The ability of PCMH to improve people’s livelihoods and health was the main reason of the idea development. Implementing the PCMH pilot program in Maryland resulted in several benefits. A function flow chart was created for Patient Centered Primary Care Collaborative(See Figure 1 below). The chart is an effective explanation of the benefits of patient centered primary care and the strategies of providing care. The chart clearly presents five components of PCMH model: commitment to quality and safety, comprehensiveness, focusing on the patient, coordination, and accessibility. The chart provides features of the elements and strategies used by the different parties involved in the model. The pilot project reported improvement in provision of healthcare service to the community. The rate of healthcare information among patients increased, making them more aware of their health habit and encouraging them to improve their health habits (Maryland Learning Collaborative, n. d.). Availability of the service also encouraged more patients to seek health care service and information from healthcare providers such as physicians and clinicians. The greatest achievement of the project was increasing the collaboration amongst stakeholders in the healthcare industry or primary healthcare provision. There was improved collaboration between healthcare staff and patients, healthcare institutions and government healthcare bodies.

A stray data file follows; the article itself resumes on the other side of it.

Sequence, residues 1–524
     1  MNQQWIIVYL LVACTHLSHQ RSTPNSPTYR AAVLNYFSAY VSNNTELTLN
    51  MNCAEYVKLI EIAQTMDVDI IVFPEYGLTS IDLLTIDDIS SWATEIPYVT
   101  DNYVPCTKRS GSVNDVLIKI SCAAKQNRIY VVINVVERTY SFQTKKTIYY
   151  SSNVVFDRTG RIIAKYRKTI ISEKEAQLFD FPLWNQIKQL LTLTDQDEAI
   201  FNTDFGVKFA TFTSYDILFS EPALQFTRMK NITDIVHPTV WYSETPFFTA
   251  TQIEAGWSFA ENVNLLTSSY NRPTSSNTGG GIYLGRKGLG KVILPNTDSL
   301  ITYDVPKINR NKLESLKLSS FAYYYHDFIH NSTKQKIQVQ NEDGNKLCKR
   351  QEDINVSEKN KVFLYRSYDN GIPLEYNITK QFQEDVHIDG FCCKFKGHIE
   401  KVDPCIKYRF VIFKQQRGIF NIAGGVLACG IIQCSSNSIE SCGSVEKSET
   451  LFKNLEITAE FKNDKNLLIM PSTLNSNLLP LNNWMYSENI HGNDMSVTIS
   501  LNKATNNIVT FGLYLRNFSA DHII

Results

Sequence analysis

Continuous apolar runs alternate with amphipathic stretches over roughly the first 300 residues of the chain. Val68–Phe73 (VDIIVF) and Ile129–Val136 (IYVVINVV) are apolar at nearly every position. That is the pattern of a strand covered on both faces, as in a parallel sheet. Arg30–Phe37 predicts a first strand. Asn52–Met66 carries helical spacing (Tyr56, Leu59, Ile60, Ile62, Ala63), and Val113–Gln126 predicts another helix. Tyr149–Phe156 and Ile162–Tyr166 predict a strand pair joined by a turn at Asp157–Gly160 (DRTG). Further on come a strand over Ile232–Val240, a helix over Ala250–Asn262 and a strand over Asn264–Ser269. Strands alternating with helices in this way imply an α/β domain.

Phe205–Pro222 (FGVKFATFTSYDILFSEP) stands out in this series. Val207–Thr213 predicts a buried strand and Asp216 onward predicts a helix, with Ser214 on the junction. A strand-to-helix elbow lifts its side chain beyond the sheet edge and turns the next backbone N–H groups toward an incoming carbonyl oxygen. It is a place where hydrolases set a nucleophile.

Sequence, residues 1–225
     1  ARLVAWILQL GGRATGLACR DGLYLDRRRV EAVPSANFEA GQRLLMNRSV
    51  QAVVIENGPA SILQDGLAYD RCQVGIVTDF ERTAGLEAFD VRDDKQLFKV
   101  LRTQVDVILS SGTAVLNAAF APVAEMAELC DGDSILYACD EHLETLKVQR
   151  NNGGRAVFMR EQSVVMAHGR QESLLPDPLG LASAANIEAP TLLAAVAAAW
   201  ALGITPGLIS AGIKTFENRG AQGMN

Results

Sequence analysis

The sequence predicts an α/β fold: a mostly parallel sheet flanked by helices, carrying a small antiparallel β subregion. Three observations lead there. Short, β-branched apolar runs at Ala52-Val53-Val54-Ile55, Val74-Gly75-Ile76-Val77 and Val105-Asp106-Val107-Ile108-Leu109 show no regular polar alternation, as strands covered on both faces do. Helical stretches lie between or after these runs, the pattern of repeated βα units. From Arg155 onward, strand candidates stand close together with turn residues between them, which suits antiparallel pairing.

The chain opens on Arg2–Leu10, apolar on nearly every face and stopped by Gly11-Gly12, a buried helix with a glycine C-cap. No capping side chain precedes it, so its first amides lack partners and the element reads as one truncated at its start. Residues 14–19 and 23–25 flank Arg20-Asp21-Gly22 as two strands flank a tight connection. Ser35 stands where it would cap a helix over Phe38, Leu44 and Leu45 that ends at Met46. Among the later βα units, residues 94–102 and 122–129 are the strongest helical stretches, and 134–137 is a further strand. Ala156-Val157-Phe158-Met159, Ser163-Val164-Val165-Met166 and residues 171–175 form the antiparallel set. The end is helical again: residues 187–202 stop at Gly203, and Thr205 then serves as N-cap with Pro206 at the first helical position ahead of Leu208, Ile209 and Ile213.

Figure 1 (Patient-Centered Primary Care Collaborative, 2013)
In conclusion, the program was successful, and continued implementation of the process will result in more positive outcomes. Continued collaboration and commitment of the payers will ensure that the program stays sustainable. The Maryland PCMH pilot program incorporated technology and improved documentation and information exchange. Patient Centered Medical Home renders not-for-profit services to its patients; hence, the services are affordable to everyone. The services are reimbursed through a variety of methods designed to encourage service provides to deliver quality service to patients. They offer nutrition, pediatric, and exercises services to the recovering patients. Community Health Centers work ensuring people live a healthy life. Subsequently, the initiatives have improved the living standards of the people around the centers who embrace this program.